Guide to Sous Vide Cold Brew

What is Cold Brew Coffee?

Pouring cold brew coffee

Today's coffee enthusiasts have an almost endless number of brewing options. Whether it is drip, pour over, French Press, or even Aero Press to name a few, the perfect cup of Joe is always just on the horizon. So why Cold Brew and what is it? To start, we enjoy making coffee in various ways in our test kitchen, but cold brew is among our favorite methods for making a smooth and flavorful cup of coffee. It doesn't require any fancy equipment and yields truly delicious results. All you need is some quality coffee, water, and a bit of time.

When it comes to making cold brew, the generally accepted ratio is 8 parts water to 1 part coffee. For example, you can combine 16 fluid ounces of water with 2 ounces of fresh coffee grounds to make 2 cups of cold brew coffee concentrate. Once the coffee grounds and water have been combined, they will need to brew at room temperature (70°F) for a minimum of at least 7 hours and no more than 24 hours. Keep in mind that the longer the coffee brews the stronger it will become. We personally prefer a 12-hour brew which makes a strong concentrate that we later dilute with either ice, water, or cream. While there are a ton of fancy tools dedicated to cold brewing coffee, all you really need is a vessel large enough to hold the coffee and water and a coffee filter for straining after brewing. It's that easy!

How Does Cold Brew Compare to Hot Brewed Coffee?

Varying types of coffee being served.

Before diving into the difference between hot and cold brewed coffee, we should state that both methods can produce really tasty results and it really comes down to personal preference and tastes. Generally, hot brewed coffee is made with water heated between 195°F and 205°F. According to Megan Fuller, Ph.D. At Philadelphia University, hot brewing coffee creates a "high energy system" which expedites the brewing process and allows us to enjoy a cup of coffee in just a few minutes. Cold brewed coffee uses a "low energy system" which requires a significantly longer brewing time.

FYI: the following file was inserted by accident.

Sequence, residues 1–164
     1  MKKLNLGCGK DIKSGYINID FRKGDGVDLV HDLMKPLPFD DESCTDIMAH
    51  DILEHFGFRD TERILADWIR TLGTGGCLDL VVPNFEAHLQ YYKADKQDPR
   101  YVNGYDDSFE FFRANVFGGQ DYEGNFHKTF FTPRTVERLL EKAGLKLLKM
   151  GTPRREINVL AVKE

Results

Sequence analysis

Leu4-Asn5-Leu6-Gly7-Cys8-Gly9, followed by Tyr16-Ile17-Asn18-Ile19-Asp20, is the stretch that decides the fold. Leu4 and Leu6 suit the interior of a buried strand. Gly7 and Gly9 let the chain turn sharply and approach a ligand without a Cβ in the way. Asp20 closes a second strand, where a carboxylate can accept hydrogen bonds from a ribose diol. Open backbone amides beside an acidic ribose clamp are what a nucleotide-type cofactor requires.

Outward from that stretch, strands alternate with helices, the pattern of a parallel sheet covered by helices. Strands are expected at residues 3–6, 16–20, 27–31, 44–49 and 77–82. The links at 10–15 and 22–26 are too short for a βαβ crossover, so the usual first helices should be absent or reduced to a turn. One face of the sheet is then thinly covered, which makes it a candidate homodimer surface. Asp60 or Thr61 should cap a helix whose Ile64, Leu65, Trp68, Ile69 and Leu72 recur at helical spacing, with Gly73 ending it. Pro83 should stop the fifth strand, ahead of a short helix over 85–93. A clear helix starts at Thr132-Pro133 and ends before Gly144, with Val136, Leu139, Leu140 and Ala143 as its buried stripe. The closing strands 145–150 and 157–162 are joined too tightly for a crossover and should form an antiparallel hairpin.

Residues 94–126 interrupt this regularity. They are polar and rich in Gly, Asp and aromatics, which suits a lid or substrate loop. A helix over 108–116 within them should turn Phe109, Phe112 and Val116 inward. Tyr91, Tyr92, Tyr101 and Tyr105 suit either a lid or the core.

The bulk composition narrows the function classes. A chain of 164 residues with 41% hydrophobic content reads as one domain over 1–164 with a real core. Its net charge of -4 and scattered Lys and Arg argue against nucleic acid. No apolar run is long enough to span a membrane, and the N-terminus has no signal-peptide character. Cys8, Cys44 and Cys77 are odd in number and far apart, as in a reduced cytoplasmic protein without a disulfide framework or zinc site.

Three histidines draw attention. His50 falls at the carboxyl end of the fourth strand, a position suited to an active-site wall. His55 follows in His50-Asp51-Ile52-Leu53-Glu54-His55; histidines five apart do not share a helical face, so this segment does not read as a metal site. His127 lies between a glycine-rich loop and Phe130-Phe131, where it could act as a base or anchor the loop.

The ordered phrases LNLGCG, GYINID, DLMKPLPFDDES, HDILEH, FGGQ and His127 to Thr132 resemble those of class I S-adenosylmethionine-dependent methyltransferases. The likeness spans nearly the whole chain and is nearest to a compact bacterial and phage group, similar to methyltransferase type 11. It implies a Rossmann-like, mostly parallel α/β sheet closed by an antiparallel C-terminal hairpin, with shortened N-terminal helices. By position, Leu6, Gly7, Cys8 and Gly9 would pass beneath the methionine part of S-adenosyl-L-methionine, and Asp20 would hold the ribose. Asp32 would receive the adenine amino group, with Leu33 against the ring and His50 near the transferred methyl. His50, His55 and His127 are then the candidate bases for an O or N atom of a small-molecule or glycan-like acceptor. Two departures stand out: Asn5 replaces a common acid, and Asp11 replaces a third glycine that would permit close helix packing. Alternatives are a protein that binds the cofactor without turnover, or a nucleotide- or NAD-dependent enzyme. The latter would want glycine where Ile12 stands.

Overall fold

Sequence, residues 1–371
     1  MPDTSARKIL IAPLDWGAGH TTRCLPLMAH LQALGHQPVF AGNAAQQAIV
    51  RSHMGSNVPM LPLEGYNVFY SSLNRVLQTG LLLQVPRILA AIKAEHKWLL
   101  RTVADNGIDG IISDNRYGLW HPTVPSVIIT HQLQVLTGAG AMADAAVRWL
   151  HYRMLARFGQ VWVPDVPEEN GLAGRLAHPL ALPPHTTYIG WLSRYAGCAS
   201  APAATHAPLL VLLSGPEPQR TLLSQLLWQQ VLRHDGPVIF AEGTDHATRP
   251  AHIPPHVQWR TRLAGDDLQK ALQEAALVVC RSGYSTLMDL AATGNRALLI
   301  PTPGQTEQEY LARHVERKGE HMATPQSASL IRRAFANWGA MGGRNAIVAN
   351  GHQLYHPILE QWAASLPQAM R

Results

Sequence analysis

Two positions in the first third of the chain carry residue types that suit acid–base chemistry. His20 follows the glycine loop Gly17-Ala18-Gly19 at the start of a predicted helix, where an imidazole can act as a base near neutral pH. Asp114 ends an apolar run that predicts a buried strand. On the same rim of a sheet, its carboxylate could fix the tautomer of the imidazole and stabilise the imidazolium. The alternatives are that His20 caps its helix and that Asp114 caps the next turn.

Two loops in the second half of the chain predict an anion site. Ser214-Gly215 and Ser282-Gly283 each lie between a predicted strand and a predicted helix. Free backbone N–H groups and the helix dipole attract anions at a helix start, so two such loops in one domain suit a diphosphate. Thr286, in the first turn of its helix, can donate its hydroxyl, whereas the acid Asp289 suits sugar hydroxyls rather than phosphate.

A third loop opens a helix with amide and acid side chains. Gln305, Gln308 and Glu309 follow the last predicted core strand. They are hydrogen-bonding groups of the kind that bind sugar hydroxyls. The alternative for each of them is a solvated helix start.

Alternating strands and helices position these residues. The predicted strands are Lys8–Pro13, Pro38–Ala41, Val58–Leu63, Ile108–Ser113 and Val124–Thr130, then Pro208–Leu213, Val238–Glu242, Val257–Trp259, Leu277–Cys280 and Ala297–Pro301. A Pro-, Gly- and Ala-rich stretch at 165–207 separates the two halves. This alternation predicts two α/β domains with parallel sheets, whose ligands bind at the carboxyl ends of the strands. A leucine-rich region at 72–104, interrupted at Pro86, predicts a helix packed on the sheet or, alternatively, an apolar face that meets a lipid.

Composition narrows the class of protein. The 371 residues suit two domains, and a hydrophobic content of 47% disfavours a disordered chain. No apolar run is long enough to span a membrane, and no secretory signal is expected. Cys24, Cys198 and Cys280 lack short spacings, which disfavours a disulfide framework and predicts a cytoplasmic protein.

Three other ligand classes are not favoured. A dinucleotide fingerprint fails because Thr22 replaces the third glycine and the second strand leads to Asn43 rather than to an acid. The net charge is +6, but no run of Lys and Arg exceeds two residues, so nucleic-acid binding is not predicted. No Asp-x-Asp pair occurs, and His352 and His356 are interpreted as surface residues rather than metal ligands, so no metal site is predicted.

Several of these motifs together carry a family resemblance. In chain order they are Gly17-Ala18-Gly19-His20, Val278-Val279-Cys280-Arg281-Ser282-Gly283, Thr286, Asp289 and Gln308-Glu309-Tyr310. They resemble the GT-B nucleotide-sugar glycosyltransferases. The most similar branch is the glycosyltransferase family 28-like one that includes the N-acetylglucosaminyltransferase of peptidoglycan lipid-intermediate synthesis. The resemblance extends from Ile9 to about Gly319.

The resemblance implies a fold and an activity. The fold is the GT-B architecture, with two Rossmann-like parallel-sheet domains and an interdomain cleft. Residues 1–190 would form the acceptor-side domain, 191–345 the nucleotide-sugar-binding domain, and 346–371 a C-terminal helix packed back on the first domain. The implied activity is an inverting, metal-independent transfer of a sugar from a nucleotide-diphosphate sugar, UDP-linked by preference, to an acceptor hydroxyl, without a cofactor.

The Truth About Acidity!

Light, ,medium, and dark roasted coffee beans. Over the years, there have been numerous claims that cold brewed coffee is less acidic than its hotter counterpart. Some have even claimed that cold brew is 60- 70% less acidic than hot brewed coffee. According to the most recent research done by Megan Fuller, Ph. D., and Niny Rao, Ph.D., of Philadelphia University, the PH levels (an indicator of acidity) between hot and cold brewed coffee are quite similar and in some cases the same. The main factor for determining the acidity of coffee is actually the level of roasting. Lighter roasted coffee beans tend to have increased acidity while darker roasted coffee generates a far less acidic cup of java. So why all of the hype around cold brew? It turns out that we still do not quite understand all of the compounds that are released when hot brewing coffee, but it can be theorized that these compounds do in fact affect the overall flavor and perceived acidity. One thing that is clear, is that when darker roasted coffee is hot brewed, it releases more antioxidants than cold brewed coffee, which technically makes it a healthier option. For more information on the chemistry of cold brewed coffee please refer to the references at the end of this article.